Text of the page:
don’t have to expose themselves in any way because they’re afraid to do that. So they benefit
from all of the attention that the overt narcissist is getting.

L: But could you tell us what is the difference between overt narcissists and covert narcissists?

KV: Overt narcissist is your typical narcissist, in your face, loud, opinionated, know-it-all. Look
at me. I’m the best. Everybody should be focusing on me. The covert narcissist is the one who
also believes to be the best, the brightest, the wealthiest, the most successful. It’s just that other
people haven’t noticed that yet. So they are sort of expecting everybody to recognize all of those
qualities they believe they have but nobody does that because covert narcissists are just standing
on the sidelines, waiting to be noticed and seething with anger because nobody is noticing their
greatness.
So when a covert narcissist enters into a relationship with an overt narcissist, then they bask in
all of the glory and grandiosity and the tension that the overt narcissist gets because finally, the
covert narcissist, when they are in relationship with an overt narcissist receive that attention as
well without having to do anything for it.
Once they want to steal the spotlight, even if it happens only once, then the overt narcissist will
not like it. There can be room for only one in a narcissistic relationship. Only one person can get
all the attention.

L: And who else? So empath, they get attracted.

KV: Overt and covert narcissists and then we have the most explosive combination of all,
borderline and a narcissist. Narcissists and borderline people, be it people with borderline


personality disorder or some borderline characteristics, actually share many traits like we talked
previously.
What narcissists are feeling and experiencing deep down are an underlying sense of depression, a
fear of abandonment, a fear of rejection, a very poor self-image, a very low level of self-worth.
But narcissists are experiencing all of that deep down. They don’t show it openly.
Borderlines on the other hand are experiencing all of that as well and since they have such a
great fear of being abandoned and rejected, borderlines will literally do whatever it takes to not
be abandoned and just like with empaths, with borderlines too applies that at the beginning, it is
great because narcissists are showering them with love and attention and devotion and
everything. That’s what a borderline person needs because borderline people are very insecure.
They fear being abandoned. They fear being rejected and when narcissists are giving them all of
the attention and stability and security and they’re so self-assured, borderlines feel great.
But as soon as the borderline senses that the narcissist is withdrawing and narcissists start doing
that when people are starting to get emotionally too close, then the fear of being rejected
increases significantly with the borderline and that’s when borderlines go sort of crazy and they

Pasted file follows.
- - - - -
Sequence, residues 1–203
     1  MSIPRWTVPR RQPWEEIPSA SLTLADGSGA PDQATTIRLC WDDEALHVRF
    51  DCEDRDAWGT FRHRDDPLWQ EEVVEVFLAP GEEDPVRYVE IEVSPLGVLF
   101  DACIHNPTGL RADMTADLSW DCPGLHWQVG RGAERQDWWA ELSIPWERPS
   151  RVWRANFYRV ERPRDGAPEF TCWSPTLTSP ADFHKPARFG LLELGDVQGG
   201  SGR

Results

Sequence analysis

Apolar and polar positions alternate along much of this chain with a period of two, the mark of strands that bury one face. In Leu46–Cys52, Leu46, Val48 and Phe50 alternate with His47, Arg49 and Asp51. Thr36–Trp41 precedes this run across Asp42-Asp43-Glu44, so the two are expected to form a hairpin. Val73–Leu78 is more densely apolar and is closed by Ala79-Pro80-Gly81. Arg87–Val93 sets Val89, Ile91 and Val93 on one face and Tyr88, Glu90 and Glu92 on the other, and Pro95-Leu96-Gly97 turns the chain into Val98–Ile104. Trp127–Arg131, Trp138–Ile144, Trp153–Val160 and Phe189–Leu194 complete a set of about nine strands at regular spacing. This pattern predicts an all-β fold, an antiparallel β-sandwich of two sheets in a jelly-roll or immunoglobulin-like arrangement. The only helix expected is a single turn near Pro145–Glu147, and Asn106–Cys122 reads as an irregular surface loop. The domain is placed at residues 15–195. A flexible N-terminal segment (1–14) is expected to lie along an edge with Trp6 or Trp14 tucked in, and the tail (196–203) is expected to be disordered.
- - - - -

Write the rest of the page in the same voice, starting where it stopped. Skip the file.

do whatever they possibly can to win back the attention of the narcissist and that freaks the
narcissist out because they don’t like people crawling after them, begging them. They find that to
be a humiliating behavior and they also think, well, if somebody like that loves me, then there
must be something wrong with me. That’s why they often leave borderlines pretty fast.

L: Could you tell us a little bit about who do we become when we are in a relationship with
narcissistic people?

KV: When we are in a relationship with a narcissistic person, we very often start behaving in
peculiar ways, ways that are not natural to us. Why? Because narcissists are often playing mind
games either consciously or subconsciously. When we are in a relationship with a narcissist, we
often don’t know where we stand, what is going to happen. Does the narcissist love us or not?
Are we good enough or aren’t we good enough? A narcissist, because they are such great
manipulators, they also frequently lie.
So for example, I could be having a conversation with my narcissistic partner and he would say,
“Yes, let’s meet tonight at 6:00 at restaurant XYZ.” I go to the restaurant XYZ at six o’clock. He
doesn’t show up. Not for one hour, not for two hours. I go back home and then I say for example,
“Well, I’ve been waiting for you at six o’clock. We had a date,” and he would say, “No, we
didn’t have it. You have mixed the date up or you have mixed the name of the restaurant. I never
said that.”
You start questioning yourself. So have I really misunderstood? Am I crazy? And this is just one
of the most common problems. Things like that can happen at a deeper psychological level and
also gaslighting. That’s another typical trait associated with narcissists. So if you find yourself
behaving in ways that are unfamiliar to you, if you sometimes get actually scared of yourself and your reactions, there is a very high probability that you are in a relationship with a narcissist
because the narcissist knows exactly which buttons to push to tick you off because they are
feeling something negative inside and they don’t want to feel it and they project it onto you.

L: On this second part of our conversation, I like to talk about narcissism more in terms of
narcissism as a personality trait and as I was researching about this topic for this interview, I
came to know more about it and figured out that the problem with narcissism is not just how it
manifests in relationships but it is also really detrimental to the way a narcissist relates to the
world, to the environment, the way they do business or the way they run a business.
The way they relate to the outside world can be really dangerous. So let’s look at how narcissism
manifests itself as a trait in business, in the workplace, even in the healthcare and even
environmentally.

KV: We do have different types of narcissism. Authors classify these types differently but they
all have some common traits because we have a whole spectrum. We have narcissistic moments.
We have a narcissistic style, a narcissistic pattern. Only then do we come to the narcissistic
personality disorder.
Even within the narcissistic personality disorder, we can have for example covert narcissists. We
can have overt narcissists. We can have toxic narcissists. Usually in business we find a lot of